The area around the southern gate of the city of Reis was a riot of sound and activity. People moved through the gates, into and out of the city. Oxen lowed. Horses whinnied. Merchants hawked wares and beggars cried for alms. In the shade of the city wall, two women stood away from the bustle and noise, near a horse, saddled and packed with gear. One was a tall, lean human with red hair. The other was shorter, stockier, with the dusky complexion and horns of a tiefling. Their conversation went unnoticed by nearly all, drowned out by the cacophony of city life.
Amne Isa Zara checked over her saddlebags one last time, then turned to her unlikely ally.
“I cannot say it was a pleasure, but I’m proud of what the two of us accomplished.”
Suisan Kinnon nodded in reply. Her expression much more sober than usual.
“Now I leave to report success to my superiors, to let them know the murderer is dead and will trouble us no more.”
“No plans to take me in anyway?”
“No, Suisan Kinnon.”
“Why not? I may not have been the murderer, but I’ve certainly done enough to raise your ire. I might even be looking forward to testing my mettle against you.” Her voice was teasing, but her face remained impassive, no hint of humor on it. Zara, however, smiled.
“No. You are at a crossroads, and I’ve deemed it wise to let you choose your own direction. It would hardly be a fair fight, anyway, with Khayne having stripped you of your powers.”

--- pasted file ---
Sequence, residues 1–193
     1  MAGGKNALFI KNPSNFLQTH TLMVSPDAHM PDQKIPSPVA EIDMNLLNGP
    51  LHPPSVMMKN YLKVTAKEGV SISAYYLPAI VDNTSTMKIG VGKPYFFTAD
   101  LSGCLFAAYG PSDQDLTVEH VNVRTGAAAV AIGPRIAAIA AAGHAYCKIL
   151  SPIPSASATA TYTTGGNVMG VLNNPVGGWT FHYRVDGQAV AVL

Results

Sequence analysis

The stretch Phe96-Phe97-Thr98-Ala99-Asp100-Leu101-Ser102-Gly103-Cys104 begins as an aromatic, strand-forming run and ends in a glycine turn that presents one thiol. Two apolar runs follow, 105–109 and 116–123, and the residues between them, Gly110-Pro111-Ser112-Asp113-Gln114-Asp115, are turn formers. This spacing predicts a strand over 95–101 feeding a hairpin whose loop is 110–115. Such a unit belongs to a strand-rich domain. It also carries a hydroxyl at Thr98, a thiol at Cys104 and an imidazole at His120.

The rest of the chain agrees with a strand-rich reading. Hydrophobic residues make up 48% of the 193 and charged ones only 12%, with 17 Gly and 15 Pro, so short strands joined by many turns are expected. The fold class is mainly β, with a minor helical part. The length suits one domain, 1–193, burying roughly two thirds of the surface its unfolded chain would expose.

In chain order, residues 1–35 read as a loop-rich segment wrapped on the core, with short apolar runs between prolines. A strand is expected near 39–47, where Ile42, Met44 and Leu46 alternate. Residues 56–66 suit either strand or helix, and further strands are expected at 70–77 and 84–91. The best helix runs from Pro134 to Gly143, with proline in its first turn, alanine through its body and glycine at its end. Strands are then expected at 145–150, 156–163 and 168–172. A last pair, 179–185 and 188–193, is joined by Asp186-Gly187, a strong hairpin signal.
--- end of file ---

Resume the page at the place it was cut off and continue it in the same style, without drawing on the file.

Suisan’s mouth dropped open. Oh, I will savor this, Zara thought. This moment, and the look on her face, will sustain me for a long time. Suisan recovered from her surprise enough to speak, but Zara interrupted before she could say anything.
“Don’t try to deny it. You were an antipaladin of Khayne. Able to inflict terrible wounds with a touch, to strike fear into the hearts of the bravest warriors, to call down Khayne’s dark blessing and bind it to your sword, turning it into a weapon of deadly power. Yet not once did you call on any of these powers during our task. The vampire, the Khaynite, named you “forsaken.” He meant that Khayne has forsaken you. You have fallen from his favor.”
Suisan finally recovered enough to put on a smirk.
“One word from a vampire helped you put all that together?”
“No. It was when you used my holy symbol to hold the creature at bay. That only works when the one holding the symbol has faith in it.” Suisan jerked as if struck, but said nothing. “You have put your faith in Makash, for whatever reason, and jealous Khayne has denied you.” There was a long pause before Suisan replied.
“I want to have a child. I’ve been trying. Khayne is a destroyer, so prayers to him would do no good, but…”
“Prayers to the Green Mother, whose blessings bring offspring, would,” Zara finished for her. Suisan nodded.
“For all the good it has done. Khayne has forsaken me, and Makash doesn’t listen.”
Zara mounted her horse, turning it towards the line of people exiting the gate, before turning back to look at Suisan.
“You called me an idiot once for not understanding Khayne’s religion. I could say the same for you. Makash is the protector of mothers. Her symbol protected you from the vampire. You and your child. You’re at a crossroads, Suisan Kinnon. Choose your path wisely, for the Green Mother watches. Farewell.”
At that, the cleric nudged her horse towards the outward flow of traffic. Suisan watched her go, a faint hint of the wolfish grin coming to her face as her hand strayed to touch her belly.
— End —